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Beaten with their own clubs

April 25, 1960
April 25, 1960

Table of Contents
April 25, 1960

Editorial
Powerboat
Giants' New Home
The Shotput
Design Awards
Very Old And Quite British
Spectacle
Hockey
Food
Horse Racing
Acknowledgments
19th Hole: The Readers Take Over
Pat On The Back

Beaten with their own clubs

The huge turnout of bridge experts that swarmed over hospitable Jackson, Miss, last month had dwindled to six teams in the 11th and final day of play for the Vanderbilt Trophy and the National Contract Bridge Team championship. Then came an astonishing hand.

This is an article from the April 25, 1960 issue Original Layout

It was a deal on which North and South had a lay-down grand slam at clubs. Yet no player on either of two of America's finest teams ever mentioned the suit. According to some modern bidding styles, the hand—with 13 points, including the three for a void in spades-qualified only as an optional bid. But the holders of the hand soon discovered that it is dangerous not to exercise the option. Once both players sitting North had passed, neither was able to recover. They never did find a chance to bid the club suit.

East's weak two-spade opener stole the bidding. So, having passed originally, North, Russ Arnold of Miami, playing with Mrs. Kemp on the von Zedtwitz team, found himself in a spot where he would have to go past three no trump in order to show his clubs at all. Even if I could have seen three no trump as a sound bid in this round—and I am fairly certain that I could not have—I would have bid five clubs later. But I would not have waited so long to show my clubs; I would have opened with one club at my first turn.

After winning her ace of hearts, Mrs. Kemp put her partner in with the ace of diamonds. A heart return for South to ruff would have defeated the four-spade bid one trick. But North continued diamonds, East trumped, and the king of trumps was the only other trick the defenders took. Four spades was made for a score of 790—but that was hardly North-South's biggest loss. Analyzing their hands, they saw that seven clubs was a laydown for a score of 2,140. So, depending on events at the other table, the von Zedtwitz team might lose nearly 3,000 points.

At the other table, the opposing team, now holding the same fateful clubs—and 13 points—had an equal, if totally different, disaster, because it passed the perfectly sound opening club bid. The bidding went:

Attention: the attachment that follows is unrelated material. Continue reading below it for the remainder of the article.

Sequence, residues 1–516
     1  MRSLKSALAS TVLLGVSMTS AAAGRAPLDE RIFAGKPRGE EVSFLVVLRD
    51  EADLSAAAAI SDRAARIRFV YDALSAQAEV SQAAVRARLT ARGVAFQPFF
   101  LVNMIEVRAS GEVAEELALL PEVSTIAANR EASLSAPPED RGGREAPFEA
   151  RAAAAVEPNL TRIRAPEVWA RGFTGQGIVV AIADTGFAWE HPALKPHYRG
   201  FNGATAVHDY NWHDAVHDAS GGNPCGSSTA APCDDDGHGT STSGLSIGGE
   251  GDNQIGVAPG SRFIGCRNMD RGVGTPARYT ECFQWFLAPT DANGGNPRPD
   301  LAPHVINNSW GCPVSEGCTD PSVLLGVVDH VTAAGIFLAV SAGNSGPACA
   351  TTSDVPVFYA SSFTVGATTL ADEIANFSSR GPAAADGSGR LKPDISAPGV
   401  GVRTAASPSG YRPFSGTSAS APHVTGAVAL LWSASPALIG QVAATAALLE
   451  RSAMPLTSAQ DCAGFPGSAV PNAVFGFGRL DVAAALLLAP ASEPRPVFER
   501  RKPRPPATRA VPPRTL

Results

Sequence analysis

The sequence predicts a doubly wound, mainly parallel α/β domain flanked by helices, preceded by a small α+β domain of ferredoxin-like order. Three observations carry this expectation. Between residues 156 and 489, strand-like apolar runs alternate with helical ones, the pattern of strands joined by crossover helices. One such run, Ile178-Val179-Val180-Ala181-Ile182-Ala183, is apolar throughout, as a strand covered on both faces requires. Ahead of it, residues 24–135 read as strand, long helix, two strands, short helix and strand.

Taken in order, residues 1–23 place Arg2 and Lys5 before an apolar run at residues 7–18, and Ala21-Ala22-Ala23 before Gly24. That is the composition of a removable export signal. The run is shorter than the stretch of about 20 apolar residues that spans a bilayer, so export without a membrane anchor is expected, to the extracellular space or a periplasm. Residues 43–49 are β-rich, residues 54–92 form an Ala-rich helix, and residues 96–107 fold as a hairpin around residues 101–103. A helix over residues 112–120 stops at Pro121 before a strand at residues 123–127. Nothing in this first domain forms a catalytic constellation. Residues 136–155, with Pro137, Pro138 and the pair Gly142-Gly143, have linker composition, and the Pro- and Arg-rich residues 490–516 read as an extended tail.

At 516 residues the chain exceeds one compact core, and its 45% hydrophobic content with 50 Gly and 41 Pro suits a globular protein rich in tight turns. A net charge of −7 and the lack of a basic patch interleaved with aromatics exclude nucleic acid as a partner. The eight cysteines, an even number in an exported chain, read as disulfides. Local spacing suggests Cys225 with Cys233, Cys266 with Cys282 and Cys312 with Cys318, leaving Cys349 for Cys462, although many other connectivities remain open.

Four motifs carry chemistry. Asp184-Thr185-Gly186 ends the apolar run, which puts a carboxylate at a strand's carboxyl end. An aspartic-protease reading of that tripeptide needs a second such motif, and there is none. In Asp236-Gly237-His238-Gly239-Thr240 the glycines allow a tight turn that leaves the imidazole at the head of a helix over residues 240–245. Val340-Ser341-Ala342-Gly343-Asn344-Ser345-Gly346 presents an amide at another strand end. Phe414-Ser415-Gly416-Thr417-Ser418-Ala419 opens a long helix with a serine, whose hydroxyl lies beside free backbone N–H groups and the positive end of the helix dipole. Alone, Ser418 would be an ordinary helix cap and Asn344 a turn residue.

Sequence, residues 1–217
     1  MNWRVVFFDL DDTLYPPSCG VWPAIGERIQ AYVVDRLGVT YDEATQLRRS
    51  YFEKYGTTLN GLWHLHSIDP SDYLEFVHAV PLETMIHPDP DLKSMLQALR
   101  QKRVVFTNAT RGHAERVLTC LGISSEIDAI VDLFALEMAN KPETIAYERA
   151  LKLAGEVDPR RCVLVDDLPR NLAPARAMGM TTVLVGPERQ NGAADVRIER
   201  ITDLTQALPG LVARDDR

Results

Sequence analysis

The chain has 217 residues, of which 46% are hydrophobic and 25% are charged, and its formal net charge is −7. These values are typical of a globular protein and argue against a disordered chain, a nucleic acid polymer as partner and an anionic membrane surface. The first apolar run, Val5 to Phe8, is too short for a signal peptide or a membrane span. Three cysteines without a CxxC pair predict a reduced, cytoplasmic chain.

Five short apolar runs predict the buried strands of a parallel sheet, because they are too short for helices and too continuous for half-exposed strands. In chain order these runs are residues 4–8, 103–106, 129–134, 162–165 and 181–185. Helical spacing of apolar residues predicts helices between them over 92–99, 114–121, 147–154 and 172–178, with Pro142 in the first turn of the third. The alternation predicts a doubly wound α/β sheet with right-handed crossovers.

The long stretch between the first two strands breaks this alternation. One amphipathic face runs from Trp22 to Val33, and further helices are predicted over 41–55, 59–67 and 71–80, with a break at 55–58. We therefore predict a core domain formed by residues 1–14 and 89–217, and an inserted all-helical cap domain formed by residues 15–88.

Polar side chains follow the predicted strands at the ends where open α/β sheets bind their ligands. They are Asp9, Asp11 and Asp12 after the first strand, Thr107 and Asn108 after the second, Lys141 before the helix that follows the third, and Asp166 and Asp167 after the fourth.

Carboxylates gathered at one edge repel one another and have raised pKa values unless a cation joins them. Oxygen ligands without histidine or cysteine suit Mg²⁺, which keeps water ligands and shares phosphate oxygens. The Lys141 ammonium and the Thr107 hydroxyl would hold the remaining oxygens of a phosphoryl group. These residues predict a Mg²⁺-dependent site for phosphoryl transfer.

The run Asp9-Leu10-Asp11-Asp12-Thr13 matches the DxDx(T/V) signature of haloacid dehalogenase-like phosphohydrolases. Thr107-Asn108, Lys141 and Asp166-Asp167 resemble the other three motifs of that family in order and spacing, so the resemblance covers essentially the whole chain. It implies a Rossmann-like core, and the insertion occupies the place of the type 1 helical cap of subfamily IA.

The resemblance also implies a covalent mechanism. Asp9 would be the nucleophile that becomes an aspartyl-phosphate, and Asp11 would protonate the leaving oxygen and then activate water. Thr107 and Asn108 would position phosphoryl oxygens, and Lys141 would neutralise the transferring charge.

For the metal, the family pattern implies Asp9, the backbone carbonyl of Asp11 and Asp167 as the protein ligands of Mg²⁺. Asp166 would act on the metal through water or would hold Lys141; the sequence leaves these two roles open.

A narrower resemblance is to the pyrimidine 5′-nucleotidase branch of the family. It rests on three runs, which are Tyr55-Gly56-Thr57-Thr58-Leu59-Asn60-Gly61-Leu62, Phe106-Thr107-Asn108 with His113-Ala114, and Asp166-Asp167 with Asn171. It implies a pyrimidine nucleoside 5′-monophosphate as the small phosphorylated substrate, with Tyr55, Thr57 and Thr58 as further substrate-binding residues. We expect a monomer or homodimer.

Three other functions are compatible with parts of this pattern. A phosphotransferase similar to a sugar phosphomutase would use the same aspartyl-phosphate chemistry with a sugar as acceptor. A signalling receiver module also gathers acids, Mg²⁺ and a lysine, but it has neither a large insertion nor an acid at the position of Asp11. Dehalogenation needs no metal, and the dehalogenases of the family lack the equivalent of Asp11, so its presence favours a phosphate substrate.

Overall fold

WEST
(von Zedtwitz)

PASS
4 [Heart]
DBL

NORTH
(Christian)

PASS
6 [Diamond]
PASS

EAST
(Weiss)

2 [Spade]
PASS
PASS

SOUTH
(Gabrilovitch)

3 [Diamond]
PASS
PASS

Opening lead: heart king

Declarer's ace won the first trick. He then made a great play for his contract. He led the diamond 9 and when West covered with the 10 he ducked the trick! West led the queen of hearts. Declarer ruffed, trumped a spade in dummy and cashed the diamond ace. Next he led a club, fully expecting to win the trick. He then could have pulled trumps.

Had West held a single club, the contract would be home. But West trumped, put partner in with a spade and ruffed another club lead for down three, a penalty of 800, exactly equal in team-of-four scoring to the 790 minus at the other table.

EXTRA TRICK
When an optional opening (13 points) affords a comfortable rebid, exercise your option and bid.

PHOTO

Both sides vulnerable West dealer

NORTH

[10 of Hearts]
[6 of Hearts]
[3 of Hearts]
[2 of Hearts]
[Ace of Clubs]
[Queen of Clubs]
[7 of Clubs]
[5 of Clubs]
[3 of Clubs]
[2 of Clubs]
[Ace of Diamonds]
[6 of Diamonds]
[3 of Diamonds]

WEST

[King of Hearts]
[Queen of Hearts]
[Jack of Hearts]
[8 of Hearts]
[4 of Hearts]
[10 of Spades]
[5 of Spades]
[4 of Spades]
[2 of Spades]
[Jack of Diamonds]
[10 of Diamonds]
[7 of Diamonds]
[2 of Diamonds]

SOUTH

[King of Spades]
[9 of Spades]
[8 of Spades]
[Ace of Hearts]
[King of Clubs]
[Jack of Clubs]
[9 of Clubs]
[4 of Clubs]
[King of Diamonds]
[Queen of Diamonds]
[9 of Diamonds]
[8 of Diamonds]
[4 of Diamonds]

EAST

[Ace of Spades]
[Queen of Spades]
[Jack of Spades]
[7 of Spades]
[6 of Spades]
[3 of Spades]
[9 of Hearts]
[7 of Hearts]
[5 of Hearts]
[10 of Clubs]
[8 of Clubs]
[6 of Clubs]
[5 of Diamonds]

WEST
(Michaels)

PASS
3 [Spade]
4 [Spade]
PASS

NORTH
(Arnold)

PASS
3 N.T.
PASS
PASS

EAST
(Hoadley)

2 [Spade]
PASS
PASS
PASS

SOUTH
(Mrs. Kemp)

2 N.T.
PASS
DBL

Opening lead: heart ace